EBRD maintains Macedonia’s 2015 GDP growth forecast at 3.5%, but deepening of political crisis poses downside risks

By bne IntelliNews May 14, 2015

The European Bank for Reconstruction and Development (EBRD) has kept its 2015 GDP growth forecast for Macedonia at 3.5%, unchanged from January, according to its four-monthly regional outlook. The bank expects the southeast European country's GDP growth to accelerate to 3.7% in 2016.

We should note, though, that although published on May 14, the latest forecasts were made as of April 30, before the political crisis in the country deepened amid large anti-government protests, deadly battles between government forces and suspected terrorists, and minister resignations. According to the EBRD, downside risks to growth come mainly from political instability.

In 2014, Macedonia outperformed its regional peers, posting a GDP growth of 3.8%. The EBRD's projections for 2015 and 2016 assume stable macroeconomic conditions and remaining strong production from several high-profile foreign investments.

Macedonia’s finance ministry and central bank have forecast 2015 real GDP growth of 4% and 4.1%, respectively. The European Commission and the International Monetary Fund both have projected it at 3.8%.

Anti-government protests began in Macedonia on May 5. On May 9-10 at least 22 people, including eight police officers, were killed in armed clashes in the town of Kumanovo, close to Macedonia’s borders with Serbia and Kosovo. This was the worst outbreak of violence in the country since the inter-ethnic conflict between Macedonians and Albanians ended in 2001. The police launched the operation in Kumanovo after receiving intelligence that a terrorist group was planning a series of attacks on civilian and government targets in the country.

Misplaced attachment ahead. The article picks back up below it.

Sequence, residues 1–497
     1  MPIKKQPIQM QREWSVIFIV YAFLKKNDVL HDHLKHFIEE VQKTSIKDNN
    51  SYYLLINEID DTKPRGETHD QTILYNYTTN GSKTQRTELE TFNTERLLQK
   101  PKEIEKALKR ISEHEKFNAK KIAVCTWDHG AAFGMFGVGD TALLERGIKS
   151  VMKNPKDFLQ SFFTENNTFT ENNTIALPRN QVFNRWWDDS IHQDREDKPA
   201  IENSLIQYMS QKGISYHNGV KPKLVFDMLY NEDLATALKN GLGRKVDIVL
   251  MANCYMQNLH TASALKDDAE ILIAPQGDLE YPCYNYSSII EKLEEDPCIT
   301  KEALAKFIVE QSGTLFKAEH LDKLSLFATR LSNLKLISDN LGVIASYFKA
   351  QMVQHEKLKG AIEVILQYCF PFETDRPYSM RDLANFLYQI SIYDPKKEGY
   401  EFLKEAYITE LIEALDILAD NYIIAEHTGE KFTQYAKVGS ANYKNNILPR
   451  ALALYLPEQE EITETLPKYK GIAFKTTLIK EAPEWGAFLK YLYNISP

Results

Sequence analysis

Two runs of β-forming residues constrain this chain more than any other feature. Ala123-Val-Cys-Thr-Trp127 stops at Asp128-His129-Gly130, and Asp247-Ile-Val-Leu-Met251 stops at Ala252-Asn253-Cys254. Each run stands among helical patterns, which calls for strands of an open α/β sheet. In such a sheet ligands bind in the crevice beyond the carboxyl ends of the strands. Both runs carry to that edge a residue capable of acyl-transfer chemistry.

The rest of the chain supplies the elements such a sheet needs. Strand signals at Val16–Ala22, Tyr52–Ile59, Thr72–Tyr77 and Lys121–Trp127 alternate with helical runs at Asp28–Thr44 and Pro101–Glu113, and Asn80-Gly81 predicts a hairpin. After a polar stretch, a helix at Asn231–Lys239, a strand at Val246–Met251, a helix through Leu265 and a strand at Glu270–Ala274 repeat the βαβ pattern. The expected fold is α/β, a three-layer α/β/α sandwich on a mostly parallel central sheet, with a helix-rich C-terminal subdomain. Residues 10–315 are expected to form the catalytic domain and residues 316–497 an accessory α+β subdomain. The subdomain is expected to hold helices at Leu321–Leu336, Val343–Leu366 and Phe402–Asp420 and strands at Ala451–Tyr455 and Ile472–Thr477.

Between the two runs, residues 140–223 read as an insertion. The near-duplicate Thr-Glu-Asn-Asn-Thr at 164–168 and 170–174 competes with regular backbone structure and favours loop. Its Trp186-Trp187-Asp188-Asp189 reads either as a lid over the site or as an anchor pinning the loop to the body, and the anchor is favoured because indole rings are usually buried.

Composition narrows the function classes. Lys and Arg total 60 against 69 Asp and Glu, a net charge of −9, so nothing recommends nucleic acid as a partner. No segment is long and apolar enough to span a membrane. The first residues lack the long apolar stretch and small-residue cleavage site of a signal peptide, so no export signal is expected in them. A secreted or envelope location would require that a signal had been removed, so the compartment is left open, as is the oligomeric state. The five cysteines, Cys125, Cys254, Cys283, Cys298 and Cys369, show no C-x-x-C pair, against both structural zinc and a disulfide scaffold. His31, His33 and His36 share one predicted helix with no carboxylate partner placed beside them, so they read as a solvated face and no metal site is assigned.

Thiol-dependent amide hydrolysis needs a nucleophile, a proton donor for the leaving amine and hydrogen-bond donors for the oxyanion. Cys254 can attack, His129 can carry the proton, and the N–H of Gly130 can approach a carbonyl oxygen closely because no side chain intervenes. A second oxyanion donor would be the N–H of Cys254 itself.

On May 12, three top Macedonian ministers and officials resigned, signalling a deepening political crisis. Interior Minister Gordana Jankuloska and Transport Minister Mile Janakieski were key members of Prime Minister Nikola Gruevski’s administration, having held their posts since 2006. The other resignation was that of Saso Mijalkov, director of the administration for security and counterintelligence, who is Gruevski’s cousin.

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